Middle Market Companies
Apply Innovation Internally and Externally
The mid-market is a challenging place — you’re going up against the big boys, while disruptive startups threaten your industry. Some of your concerns might include the following:
- “Ideas don’t go anywhere — we try to innovate, but how do I make change stick?”
- “Where should our next great idea come from?”
- “How can we better understand and sell more to current customers?”
- “Why can’t we attract the right people we need?”
- “How can we scale operations to meet demand?”
The innovation pressures on a middle market company can be excessive. Conducting ongoing research to understand your customers, competition and even your own internal operations often goes by the wayside — not getting the proper attention because you’re focused on day-to-day operations. Attempting to innovate with the same small business team that got you to where you are today can present some tough decisions when balancing dedication and loyalty with the need for improved skill levels and methods.
Moving from middle market status to a large corporation will require getting past continuous improvement and focusing on real innovation. Making small adjustments to pricing, packaging and geographical coverage will no longer be enough. Sound challenging? It is — but you can successfully make the leap by properly defining Innovation Goals as well as Innovation Barriers that can be overcome — and identifying Potential Solutions that ensure an acceptable return on investment.
As the leader of a middle market company, you need to identify goals and expected outcomes that will make a visible difference to your business and allow you to achieve what you define as innovation. Your business is large enough now that differences in opinion will be in play throughout the organization, so aligning them based on a clear, concise definition of innovation will be a great first start. That definition will form a solid foundation upon which to build realistic goals, target dates and responsibilities. Everyone in your business should be aware of the role they need to play in achieving your expected outcomes.
- Do you have a clear, concise definition of innovation for your middle market company?
- Are all team leaders in agreement on that definition?
- Are roles, responsibilities and target dates known by all those who affect innovation results?
Once the innovation goals and expected outcomes are identified for your middle market company, attention can be given to identifying the challenges and barriers that stand in your way. Some will be a higher priority than others, requiring your leadership team to arrive at a unified approach. The good news is you’re not facing anything that large corporations haven’t overcome. Take the time to understand what’s blocking your path, as well as the order in which the challenges and barriers should be addressed to enable you to reach or exceed your innovation goals.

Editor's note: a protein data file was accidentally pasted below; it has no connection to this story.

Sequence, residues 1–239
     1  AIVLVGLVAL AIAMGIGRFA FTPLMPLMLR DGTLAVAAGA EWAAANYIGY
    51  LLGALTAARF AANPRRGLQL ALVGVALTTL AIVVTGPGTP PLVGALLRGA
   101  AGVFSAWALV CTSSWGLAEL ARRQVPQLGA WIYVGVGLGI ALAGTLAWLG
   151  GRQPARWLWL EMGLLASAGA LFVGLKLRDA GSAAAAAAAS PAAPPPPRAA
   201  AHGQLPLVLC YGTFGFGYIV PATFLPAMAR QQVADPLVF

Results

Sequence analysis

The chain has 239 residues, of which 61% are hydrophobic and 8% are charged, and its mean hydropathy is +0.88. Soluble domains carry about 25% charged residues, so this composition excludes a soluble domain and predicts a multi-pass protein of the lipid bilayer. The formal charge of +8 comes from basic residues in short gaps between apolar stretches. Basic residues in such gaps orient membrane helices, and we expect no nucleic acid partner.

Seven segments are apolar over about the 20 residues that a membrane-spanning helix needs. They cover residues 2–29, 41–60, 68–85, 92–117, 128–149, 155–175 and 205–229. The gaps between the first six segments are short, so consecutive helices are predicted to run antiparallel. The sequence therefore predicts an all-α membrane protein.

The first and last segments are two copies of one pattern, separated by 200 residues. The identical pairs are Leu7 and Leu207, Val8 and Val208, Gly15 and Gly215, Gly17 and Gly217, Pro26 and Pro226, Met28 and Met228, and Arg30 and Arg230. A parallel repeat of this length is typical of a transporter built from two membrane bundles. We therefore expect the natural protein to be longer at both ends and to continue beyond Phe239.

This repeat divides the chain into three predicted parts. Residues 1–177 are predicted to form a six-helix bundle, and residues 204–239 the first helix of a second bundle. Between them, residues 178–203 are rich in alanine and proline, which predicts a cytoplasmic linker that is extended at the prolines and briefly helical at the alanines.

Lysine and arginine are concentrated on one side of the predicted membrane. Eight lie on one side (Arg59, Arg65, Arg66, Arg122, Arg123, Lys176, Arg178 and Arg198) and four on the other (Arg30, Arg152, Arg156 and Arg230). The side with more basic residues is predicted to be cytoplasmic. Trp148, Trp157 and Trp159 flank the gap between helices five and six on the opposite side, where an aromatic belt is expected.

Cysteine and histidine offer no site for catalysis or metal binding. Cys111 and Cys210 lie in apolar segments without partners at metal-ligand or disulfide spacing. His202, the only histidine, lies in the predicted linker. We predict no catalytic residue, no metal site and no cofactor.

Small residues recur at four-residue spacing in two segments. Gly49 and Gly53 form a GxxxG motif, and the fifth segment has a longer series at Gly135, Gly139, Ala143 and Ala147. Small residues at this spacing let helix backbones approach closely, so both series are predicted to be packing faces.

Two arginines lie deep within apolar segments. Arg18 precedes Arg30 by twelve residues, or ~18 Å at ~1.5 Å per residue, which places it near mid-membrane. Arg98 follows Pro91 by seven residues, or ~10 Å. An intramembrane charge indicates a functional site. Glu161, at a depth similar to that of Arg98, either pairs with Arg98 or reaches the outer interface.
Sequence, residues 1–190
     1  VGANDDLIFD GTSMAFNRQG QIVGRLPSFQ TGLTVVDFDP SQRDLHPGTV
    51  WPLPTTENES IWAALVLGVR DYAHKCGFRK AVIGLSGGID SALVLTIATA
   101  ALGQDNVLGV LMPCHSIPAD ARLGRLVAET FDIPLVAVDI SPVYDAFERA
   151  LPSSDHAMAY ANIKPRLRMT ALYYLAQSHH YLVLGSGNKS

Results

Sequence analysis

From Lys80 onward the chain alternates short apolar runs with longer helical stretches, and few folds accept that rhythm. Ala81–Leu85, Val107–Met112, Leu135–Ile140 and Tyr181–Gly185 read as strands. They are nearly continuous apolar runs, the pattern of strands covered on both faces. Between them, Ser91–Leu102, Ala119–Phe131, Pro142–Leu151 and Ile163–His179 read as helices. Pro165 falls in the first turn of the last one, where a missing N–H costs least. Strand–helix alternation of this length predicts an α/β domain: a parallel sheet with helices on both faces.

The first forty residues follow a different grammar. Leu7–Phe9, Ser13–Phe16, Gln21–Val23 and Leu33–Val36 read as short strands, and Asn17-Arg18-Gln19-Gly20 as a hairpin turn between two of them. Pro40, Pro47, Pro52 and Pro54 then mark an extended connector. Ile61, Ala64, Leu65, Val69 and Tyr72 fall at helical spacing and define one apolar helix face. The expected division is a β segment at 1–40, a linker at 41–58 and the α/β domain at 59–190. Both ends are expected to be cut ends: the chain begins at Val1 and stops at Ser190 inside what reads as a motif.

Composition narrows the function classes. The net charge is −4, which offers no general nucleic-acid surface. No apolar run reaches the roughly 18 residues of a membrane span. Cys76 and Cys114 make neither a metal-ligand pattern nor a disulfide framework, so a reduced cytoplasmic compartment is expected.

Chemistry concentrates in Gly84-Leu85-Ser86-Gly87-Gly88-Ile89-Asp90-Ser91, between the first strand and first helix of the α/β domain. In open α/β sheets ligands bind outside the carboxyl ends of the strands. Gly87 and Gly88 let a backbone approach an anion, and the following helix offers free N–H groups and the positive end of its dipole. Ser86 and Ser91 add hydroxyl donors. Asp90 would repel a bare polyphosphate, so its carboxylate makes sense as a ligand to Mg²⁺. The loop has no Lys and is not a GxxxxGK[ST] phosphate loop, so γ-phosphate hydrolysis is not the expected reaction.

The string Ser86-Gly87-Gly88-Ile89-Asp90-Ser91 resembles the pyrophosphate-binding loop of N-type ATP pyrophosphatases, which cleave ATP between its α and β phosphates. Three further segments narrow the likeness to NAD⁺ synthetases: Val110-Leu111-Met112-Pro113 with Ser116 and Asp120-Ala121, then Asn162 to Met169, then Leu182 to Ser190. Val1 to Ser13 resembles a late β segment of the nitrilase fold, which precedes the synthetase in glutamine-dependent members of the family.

- Do you have agreement on your challenges and innovation barriers?
- Has there been any effort to prioritize them with your leadership team?
- Can you prepare a roadmap to help guide your innovation journey?
Middle market companies will often have many planned and simultaneous projects in play focused on fixing, improving, or innovating parts of the business. Each project can be viewed as a solution that addresses challenges and innovation barriers to help achieve stated goals and expected outcomes. When contemplating the projects that are appropriate for your business, remember each one should form the basis for an innovation roadmap — with defined phases of work, milestones and checkpoints for required approvals. Prioritizing project work according to cash flow, payback period, return on investment, or other financial metrics will help avoid wasting time and creating other problems to solve.
- Are your innovation projects defined and managed in a consistent manner?
- Do your projects form the basis for an innovation roadmap for your business?
- Are financial metrics in place to help prioritize how innovation solutions are implemented?
The table below is presented as an example only — to inspire you. We recommend you create your own, prioritizing Innovation Goals, Innovation Barriers and realistic target dates for Potential Solutions best suited for your business.